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Months After Being Closed, Three Museums Reconsider Their Photography Exhibitions

In the wake of the pandemic and worldwide protests, exhibitions that address climate change, civil rights, and Black photographers take on new resonance.

By Eli Cohen

Marion Palfi, Chicago School Boycott, 1963–64
© Center for Creative Photography, Arizona Board of Regents

At the Armory Show in early March, the mood among visitors and exhibitors was ominous. At New York’s Piers 90 and 94, ordinarily packed with visitors, the scene this year was much quieter. Due to rising concern over COVID-19, exhibitors exchanged elbow bumps instead of handshakes, although few wore any sort of mask. Outside, a cruise liner blocked the horizon. It was unclear whether the ship was empty or locked down in quarantine, as was a similar ship off the coast of California. One exhibitor, looking at the ship, mused that they would rather be on board than at the empty art fair.

Within a week, the city’s major museums, including the Metropolitan Museum of Art and the Museum of Modern Art, announced temporary closures due to the pandemic—at first, only until the end of the month. Exhibitions that had opened were put on hold, and upcoming exhibitions were pushed back.

Months later, many of these shows are still in limbo.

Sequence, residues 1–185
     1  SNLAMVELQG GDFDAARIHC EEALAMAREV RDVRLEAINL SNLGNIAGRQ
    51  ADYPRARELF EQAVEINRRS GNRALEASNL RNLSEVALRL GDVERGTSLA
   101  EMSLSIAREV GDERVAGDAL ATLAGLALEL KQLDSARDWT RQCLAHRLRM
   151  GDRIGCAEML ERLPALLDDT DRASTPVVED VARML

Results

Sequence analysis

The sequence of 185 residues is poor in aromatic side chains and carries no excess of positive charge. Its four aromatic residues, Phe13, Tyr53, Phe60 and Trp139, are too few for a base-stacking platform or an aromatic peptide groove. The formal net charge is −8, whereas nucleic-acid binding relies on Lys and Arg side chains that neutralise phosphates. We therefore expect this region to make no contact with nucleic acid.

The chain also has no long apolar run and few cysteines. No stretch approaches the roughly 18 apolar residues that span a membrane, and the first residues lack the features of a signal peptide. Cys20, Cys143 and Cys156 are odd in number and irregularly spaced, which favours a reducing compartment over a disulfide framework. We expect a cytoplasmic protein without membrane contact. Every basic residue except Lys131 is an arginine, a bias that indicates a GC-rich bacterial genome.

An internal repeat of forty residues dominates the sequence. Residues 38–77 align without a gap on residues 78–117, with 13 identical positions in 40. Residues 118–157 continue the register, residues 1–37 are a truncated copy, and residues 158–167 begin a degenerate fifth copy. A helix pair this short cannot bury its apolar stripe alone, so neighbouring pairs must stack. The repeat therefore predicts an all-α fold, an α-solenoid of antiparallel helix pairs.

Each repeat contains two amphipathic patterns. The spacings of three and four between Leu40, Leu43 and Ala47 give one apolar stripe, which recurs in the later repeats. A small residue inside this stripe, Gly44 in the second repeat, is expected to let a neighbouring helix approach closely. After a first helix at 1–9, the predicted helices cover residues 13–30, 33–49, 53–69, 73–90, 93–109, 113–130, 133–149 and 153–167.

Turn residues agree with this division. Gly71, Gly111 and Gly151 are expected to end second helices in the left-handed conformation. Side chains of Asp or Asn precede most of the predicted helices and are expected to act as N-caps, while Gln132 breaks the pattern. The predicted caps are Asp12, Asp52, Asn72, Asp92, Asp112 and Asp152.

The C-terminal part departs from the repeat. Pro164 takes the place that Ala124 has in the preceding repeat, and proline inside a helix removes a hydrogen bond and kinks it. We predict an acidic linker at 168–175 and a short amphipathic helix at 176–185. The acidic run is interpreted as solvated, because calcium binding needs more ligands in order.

With museums around the country facing decisions about reopening, where does this leave the near future of exhibitions, many the result of years of research and planning? I recently checked in with a few curators, in the US and abroad, to discuss how museums have evolved during this unpredictable moment.

Thomas Albdorf, Typical Alpine Flora at the Hochschwab Area, 2014

Thomas Albdorf, Typical Alpine Flora at the Hochschwab Area, 2014
© the artist

On Earth and Vivian Maier

On March 14, when institutional closures reached Foam, the photography museum and magazine in Amsterdam, curators were forced into action. Of immediate concern was the exhibition On Earth—Imaging, Technology, and the Natural World, which contends with the twenty-first-century relationship between image-making practices and the environment, and features photographers including Drew Nikonowicz and Adam Jeppesen. On Earth was scheduled to open just five days after the museum shut down, and the team at Foam quickly pivoted to digital programming. Curators Hinde Haest and Marcel Feil organized a live video tour of the exhibition on Instagram. “We are informed by means of images,” says Feil in the video. “Photographs, videos, all kinds of imagery made by all kinds of technological tools.” Viewing this video on Instagram, one click away from the global imagery of the coronavirus pandemic as it circulates on magazine covers and digital platforms, the curatorial statement behind On Earth strikes a prescient note.